So anything that he’s in that I’m not in, I have to learn. It’s kind of interesting because all the leads have taken on double roles as well because we only have a cast of fifteen. So, any of his ensemble roles, any of the dances that he’s in that I’m also in, I just do my own ensemble track, because it doesn’t make sense doing the exact same thing as different positions, because you lose me as well. So you just make it more even. So I do that. But anything that I’m in that he’s in as the lead role that he dances and I don’t dance, then I have to learn that as well. But, you know, I guess, luckily I have few lines as an ensemble member. So, it’s mostly just dancing and all the blocking that I have to get used to first, and then I was learning all of Buddy’s lines along the way.
And he has about one hundred and sixty-five lines or something like that. So, he definitely has like… you know… a hefty portion of the lines. But… It was definitely stressful at the start. You get used to it along the way and then you get more clear as you go on and on with the rehearsals. I mean, it’s also difficult when you have walking changes, until the day you open. It’s really not set down at all, I just follow along and take note of what’s changed and what hasn’t changed.
Do you secretly hope that something happens to him so you can do the lead?
No, I don’t want anything at all to happen. I think that would be awful. We were supposed to have the week in Winnipeg… the understudy to go on, but unfortunately there were sound issues. They had to keep the leads in just to do their stuff.
But there’s been a couple of other cases where I did step in, altitude definitely takes a toll on people. We performed a couple nights ago at, I think, 5300 feet above sea level. So the air is very thin; it’s super, super hard to keep going and trying to get my breath. But, yeah, there’s been a couple times of “Oh God, I may not go on at all.” You just sort of prepare for those moments. But I haven’t had to yet. Thank God.
Queen is such a pretty iconic band. Were you ever a fan?
Oh, yeah. Growing up I think I started listening when I was about seven. My dad was really into classic rock. He loved Chicago, Rolling Stones, Beatles, usually liked everything and anything. And so I’d hop in his car and he’d put on A Night At The Opera and we’d be on our way to go golfing or something. Just rocking out to Bohemian Rhapsody… in his Thunderbird, just like a very vivid memory. I’ve loved Queen ever since I was a kid and I’ve got to say, at my first concert I get to see Paul McCartney, which Queen attributes basically everything to the Beatles and what they did. That’s pretty special having that.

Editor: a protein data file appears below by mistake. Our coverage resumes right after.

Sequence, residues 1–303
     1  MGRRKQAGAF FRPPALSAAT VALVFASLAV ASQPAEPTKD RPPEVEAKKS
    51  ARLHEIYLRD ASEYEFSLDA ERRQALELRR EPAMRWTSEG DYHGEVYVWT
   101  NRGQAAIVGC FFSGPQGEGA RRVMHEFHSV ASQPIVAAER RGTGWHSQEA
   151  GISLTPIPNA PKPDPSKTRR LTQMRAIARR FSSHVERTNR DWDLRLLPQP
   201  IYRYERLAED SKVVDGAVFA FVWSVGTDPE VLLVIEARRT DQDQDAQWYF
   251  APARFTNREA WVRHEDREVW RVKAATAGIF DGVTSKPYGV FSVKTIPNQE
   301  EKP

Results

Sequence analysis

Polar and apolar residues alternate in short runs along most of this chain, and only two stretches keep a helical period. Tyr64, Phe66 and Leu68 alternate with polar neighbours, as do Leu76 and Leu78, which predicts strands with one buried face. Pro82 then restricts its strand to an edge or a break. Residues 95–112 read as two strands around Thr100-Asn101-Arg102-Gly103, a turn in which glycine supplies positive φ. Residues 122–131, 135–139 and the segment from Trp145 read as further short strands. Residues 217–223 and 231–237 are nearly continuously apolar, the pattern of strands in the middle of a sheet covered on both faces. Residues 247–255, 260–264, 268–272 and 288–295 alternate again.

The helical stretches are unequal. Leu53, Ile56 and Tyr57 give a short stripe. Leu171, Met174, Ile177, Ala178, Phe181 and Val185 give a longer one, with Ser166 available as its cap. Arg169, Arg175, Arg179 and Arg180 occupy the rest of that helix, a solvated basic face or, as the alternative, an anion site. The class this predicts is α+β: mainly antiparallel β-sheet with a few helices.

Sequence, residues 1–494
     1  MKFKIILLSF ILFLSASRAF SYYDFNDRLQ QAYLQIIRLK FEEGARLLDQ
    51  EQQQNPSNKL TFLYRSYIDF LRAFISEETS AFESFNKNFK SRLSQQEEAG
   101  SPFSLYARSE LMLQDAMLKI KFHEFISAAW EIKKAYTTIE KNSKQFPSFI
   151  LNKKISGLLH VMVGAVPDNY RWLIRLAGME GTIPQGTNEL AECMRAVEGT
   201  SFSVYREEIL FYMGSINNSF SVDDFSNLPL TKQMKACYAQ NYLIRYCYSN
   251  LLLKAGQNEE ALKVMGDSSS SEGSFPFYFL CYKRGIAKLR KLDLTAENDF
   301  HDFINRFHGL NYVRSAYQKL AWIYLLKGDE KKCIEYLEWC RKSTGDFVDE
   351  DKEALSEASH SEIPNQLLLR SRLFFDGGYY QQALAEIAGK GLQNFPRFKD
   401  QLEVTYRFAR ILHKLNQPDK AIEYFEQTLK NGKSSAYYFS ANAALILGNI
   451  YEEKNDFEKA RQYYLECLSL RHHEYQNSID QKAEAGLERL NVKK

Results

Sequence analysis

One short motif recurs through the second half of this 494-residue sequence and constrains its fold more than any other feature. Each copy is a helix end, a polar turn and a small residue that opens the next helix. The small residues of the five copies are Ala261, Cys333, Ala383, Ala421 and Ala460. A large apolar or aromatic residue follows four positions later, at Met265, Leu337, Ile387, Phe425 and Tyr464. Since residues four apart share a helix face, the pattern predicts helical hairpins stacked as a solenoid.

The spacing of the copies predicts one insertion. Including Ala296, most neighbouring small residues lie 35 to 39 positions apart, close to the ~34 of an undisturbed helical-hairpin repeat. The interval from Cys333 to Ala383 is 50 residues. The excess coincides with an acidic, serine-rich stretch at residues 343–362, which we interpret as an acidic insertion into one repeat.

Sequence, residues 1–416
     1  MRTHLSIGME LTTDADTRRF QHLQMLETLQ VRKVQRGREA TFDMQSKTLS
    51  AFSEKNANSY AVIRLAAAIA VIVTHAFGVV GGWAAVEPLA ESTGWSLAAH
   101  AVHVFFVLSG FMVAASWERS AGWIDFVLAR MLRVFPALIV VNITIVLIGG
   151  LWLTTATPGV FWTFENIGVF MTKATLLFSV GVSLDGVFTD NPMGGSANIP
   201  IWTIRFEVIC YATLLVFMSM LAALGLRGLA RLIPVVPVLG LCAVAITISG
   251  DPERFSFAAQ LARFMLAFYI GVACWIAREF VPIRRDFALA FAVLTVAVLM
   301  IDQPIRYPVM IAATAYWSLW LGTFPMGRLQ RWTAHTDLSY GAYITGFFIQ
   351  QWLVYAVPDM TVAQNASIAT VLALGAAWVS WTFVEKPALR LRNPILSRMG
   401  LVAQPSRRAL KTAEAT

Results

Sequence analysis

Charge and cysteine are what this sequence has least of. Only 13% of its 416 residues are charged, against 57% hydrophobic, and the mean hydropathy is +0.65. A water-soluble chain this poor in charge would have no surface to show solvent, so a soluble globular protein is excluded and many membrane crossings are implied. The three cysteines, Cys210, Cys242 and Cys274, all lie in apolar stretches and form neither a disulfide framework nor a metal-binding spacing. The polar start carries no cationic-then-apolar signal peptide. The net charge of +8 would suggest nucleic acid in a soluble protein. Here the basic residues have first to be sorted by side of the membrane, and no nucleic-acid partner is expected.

Are there songs in the show that resonate with you?
Let’s see. Reminiscing wise, it would be Bohemian Rhapsody. I can’t tell anybody when that song is going to be though. That’s a secret. But, you’ll have to see the show to find out. They all have a special place. I love… Hammer To Fall, it’s a very good song. Yeah. That’s a hard question. That’s a really hard question. They all resonate with me somewhat. They all tell a different story, in that they all have… a lot have a different place in my own life.
You were born and raised here in Southwestern Ontario. When and how did theater become part of your life?
Being in Ontario is a very special thing for any theater people because we have Stratford. We have a lot of great theater, you know, like Shaw. We have Drayton, as well. But Stratford is like the pinnacle theater-going place for people all around the globe. So I was lucky enough when I was in Grade Eight, Grade Nine… I have an aunt who is a teacher and we got to see Romeo and Juliet in Grade Nine, and my aunt decided it was a good time to take me to see West Side Story in Stratford. So I went there with her and my grandma. And I remember sitting there and I saw Tony running and jumping up on a balcony, and he grabbed it and pulled himself up. I’m thinking, I want to do this. I want to do this for the rest of my life.
And his voice is amazing and Paul Nolan who played Tony. It was incredible. So from that moment, I was like I want to sing, act. Let’s get this going. So I went home. My mom found a vocal coach and called her up, started lessons. And I had to make the decision a couple years later to stop playing hockey and pursue theater. I joined Hairspray. Was my first theater live show in Windsor. Did that. And then that lead me to play Jesus in Jesus Christ Superstar which was a delight. It was another role that Paul Nolan played in Stratford. It seems I’m following his footsteps, when it comes to that. But, yeah, that’s how it all began.